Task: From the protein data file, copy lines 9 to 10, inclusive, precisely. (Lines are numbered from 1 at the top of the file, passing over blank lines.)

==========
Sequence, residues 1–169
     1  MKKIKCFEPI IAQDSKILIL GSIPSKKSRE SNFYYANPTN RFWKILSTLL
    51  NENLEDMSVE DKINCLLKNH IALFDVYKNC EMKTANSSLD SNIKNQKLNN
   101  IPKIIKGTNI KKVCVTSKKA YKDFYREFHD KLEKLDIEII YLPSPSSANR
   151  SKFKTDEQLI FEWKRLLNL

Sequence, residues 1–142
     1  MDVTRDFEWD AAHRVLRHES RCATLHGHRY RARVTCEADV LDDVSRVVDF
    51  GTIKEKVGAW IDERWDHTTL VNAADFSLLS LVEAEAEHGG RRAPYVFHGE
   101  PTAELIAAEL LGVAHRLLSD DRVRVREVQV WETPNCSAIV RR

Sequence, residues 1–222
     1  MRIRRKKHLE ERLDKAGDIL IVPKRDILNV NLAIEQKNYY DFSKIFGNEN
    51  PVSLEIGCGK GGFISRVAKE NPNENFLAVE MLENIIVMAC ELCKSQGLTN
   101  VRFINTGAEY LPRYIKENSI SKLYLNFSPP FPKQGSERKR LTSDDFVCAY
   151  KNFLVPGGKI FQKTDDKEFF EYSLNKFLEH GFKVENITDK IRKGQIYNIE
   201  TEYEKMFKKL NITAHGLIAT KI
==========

   101  PTAELIAAEL LGVAHRLLSD DRVRVREVQV WETPNCSAIV RR

Sequence, residues 1–222